"What do you think is the problem that push hands is trying to solve, and that is mostly solved with a stinging slap too?"
It's a good question, especially the way that Chris couched it, because very little in the world is about what is and much is about what we think stuff is.
So here goes, Chris. Both push hands and sticky hands, IMO, are sensitivity drills. They are designed so that if you get good you can touch your opponent (not just in sparring, but a real bad guy) or get touched by him and know, in an instant, where every joint and bone of his body is, where they are moving towards and where they are about to move.
The next step, and it may take longer than an instant of contact, maybe a quarter of a second, you are drawn to where his structure can be manipulated, whether it is strong structure that can act as a lever arm against his base or weak structure that can be folded.
That, IMO is what the drill is designed to do. That is the application. The drill becomes a thing in itself very quickly. A game played by its own rules no longer connected with a separate purpose. So people play at maintaining structure moving and disrupting one another's structure. And that's a fine skill too, but a very easy skill to remove from context.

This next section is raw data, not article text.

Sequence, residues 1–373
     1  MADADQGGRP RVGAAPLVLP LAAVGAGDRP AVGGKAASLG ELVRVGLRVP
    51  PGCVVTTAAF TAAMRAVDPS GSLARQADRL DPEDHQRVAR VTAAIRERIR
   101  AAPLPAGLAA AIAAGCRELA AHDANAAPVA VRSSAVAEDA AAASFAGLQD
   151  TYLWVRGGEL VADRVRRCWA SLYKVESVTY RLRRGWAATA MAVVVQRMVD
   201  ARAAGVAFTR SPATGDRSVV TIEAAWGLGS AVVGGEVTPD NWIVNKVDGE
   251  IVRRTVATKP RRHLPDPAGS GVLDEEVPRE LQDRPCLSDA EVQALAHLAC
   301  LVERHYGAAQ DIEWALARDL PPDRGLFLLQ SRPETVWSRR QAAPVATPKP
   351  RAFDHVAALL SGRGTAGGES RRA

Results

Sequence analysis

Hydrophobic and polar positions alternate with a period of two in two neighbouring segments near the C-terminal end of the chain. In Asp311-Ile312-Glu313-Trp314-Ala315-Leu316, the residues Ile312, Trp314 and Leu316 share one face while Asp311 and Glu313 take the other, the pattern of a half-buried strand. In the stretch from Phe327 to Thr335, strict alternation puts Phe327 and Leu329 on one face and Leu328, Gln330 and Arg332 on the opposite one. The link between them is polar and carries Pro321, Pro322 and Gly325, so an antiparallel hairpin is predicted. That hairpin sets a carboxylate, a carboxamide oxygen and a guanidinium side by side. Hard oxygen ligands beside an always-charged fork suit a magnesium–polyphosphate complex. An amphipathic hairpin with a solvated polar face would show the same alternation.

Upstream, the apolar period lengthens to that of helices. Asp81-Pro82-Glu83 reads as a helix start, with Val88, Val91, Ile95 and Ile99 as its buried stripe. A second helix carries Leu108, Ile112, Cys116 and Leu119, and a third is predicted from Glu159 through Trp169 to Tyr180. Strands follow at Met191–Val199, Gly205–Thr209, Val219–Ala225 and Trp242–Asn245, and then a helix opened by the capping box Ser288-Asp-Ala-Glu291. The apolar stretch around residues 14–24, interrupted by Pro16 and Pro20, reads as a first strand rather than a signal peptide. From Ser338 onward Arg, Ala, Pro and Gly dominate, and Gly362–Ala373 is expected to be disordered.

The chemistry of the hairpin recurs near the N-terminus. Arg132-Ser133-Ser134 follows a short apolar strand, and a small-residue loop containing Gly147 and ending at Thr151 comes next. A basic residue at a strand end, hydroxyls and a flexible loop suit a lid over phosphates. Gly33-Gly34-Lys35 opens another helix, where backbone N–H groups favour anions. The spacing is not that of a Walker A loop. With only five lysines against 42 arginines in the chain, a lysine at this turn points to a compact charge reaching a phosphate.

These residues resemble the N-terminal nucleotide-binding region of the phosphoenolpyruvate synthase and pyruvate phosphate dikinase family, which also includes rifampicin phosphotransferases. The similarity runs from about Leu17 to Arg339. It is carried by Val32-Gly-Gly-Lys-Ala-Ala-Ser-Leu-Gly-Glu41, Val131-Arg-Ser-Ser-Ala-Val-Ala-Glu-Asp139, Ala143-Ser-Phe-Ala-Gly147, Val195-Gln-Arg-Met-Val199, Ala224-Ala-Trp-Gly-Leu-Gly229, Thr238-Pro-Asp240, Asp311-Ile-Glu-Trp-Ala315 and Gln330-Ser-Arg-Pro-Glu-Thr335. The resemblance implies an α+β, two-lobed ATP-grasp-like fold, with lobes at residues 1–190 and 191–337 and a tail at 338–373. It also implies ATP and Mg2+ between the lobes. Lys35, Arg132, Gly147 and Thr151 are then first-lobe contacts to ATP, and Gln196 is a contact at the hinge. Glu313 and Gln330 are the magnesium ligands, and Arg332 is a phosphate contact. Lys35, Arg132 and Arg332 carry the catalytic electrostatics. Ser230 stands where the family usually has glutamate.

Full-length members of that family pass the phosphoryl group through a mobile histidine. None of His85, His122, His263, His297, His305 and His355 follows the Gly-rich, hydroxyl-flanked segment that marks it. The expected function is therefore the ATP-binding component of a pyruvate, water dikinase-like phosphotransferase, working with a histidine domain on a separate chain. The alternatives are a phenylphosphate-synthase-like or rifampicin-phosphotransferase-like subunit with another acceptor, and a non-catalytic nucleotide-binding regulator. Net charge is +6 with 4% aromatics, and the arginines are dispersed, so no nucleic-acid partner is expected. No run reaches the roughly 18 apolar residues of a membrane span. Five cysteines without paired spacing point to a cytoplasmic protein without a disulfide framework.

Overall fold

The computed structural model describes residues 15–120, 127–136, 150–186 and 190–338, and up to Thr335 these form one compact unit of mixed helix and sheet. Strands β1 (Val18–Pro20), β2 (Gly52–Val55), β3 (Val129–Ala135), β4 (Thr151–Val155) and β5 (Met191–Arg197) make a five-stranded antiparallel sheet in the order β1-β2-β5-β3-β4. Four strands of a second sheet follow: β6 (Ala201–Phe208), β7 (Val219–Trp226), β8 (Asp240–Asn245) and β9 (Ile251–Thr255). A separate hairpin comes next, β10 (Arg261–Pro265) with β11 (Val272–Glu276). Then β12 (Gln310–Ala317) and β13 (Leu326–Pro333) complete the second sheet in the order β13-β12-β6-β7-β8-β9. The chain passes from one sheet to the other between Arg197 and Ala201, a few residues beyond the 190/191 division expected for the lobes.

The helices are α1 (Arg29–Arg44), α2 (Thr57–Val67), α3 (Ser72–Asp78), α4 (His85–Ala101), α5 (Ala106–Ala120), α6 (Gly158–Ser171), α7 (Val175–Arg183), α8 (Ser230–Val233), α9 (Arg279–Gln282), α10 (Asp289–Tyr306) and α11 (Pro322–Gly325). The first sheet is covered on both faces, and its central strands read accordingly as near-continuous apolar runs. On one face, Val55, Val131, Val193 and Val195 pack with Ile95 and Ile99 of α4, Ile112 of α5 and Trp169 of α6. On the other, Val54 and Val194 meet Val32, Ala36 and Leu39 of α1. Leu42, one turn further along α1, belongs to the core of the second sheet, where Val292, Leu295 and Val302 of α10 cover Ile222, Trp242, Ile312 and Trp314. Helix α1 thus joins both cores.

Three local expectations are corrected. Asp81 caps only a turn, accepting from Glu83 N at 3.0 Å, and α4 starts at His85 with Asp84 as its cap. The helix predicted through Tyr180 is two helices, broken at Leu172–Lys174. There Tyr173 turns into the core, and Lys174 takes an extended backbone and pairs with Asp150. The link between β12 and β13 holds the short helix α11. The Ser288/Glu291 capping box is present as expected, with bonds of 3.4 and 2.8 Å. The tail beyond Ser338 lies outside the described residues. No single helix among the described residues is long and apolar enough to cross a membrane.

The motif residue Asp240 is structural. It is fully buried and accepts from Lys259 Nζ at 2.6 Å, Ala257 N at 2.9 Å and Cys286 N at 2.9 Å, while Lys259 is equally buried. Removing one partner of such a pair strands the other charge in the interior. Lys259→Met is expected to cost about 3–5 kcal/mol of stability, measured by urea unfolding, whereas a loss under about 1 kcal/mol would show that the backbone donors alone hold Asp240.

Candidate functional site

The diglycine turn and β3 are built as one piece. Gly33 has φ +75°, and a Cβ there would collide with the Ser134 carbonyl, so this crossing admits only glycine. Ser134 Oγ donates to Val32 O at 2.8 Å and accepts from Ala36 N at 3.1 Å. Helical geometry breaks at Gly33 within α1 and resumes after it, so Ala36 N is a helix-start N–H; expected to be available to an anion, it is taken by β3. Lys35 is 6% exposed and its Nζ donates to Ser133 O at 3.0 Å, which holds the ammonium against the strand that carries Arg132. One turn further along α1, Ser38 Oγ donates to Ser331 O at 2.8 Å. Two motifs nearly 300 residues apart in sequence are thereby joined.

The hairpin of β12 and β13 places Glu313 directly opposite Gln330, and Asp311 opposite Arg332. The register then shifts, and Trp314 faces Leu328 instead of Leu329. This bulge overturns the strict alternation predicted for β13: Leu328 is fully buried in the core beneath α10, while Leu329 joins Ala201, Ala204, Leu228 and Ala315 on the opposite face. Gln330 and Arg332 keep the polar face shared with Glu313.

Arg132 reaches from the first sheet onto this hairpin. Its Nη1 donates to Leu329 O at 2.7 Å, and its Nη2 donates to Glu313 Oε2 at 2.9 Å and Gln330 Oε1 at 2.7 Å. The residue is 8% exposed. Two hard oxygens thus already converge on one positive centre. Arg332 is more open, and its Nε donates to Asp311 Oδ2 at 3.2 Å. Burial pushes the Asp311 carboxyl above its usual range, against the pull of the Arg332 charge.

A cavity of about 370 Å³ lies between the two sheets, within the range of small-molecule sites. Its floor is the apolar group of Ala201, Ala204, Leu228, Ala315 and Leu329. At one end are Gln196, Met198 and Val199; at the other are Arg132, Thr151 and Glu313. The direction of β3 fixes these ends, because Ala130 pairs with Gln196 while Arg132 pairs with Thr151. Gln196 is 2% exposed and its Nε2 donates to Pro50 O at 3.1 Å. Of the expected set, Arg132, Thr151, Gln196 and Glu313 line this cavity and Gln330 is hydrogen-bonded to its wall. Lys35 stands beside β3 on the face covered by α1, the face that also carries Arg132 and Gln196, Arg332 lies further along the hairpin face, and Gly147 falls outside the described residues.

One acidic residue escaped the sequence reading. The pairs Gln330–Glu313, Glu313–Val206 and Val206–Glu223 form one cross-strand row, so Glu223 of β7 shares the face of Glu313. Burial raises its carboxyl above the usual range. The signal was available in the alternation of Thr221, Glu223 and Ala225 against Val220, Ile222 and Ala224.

Within the game, a quick, stinging slap destroys the concentration, and that, in most cases, shatters the person's structure. Because in the game, structure comes from concentration. If you are doing it right, in real life, structure is a habit and a sudden sharp pain will move you towards habit. It is separate from concentration.
Which may be why judo players have better structure under stress than tai chi players (again, IME)--when your thoughts focus on tactics while people are trying to knock you down, structure must become a habit. When structure is the focus of your thoughts, always conscious, it never digs into the older parts of the brain. Just a theory.
A lot of training drills designed to handle critical fractions of a second get abstracted and become games. If you think about it, the benefits I describe here for push hands and sticky hands are the exact benefits I try to draw out with blindfolded in-fighting drills. A little more consciously, a little more context-aware... but the basic purpose is the same.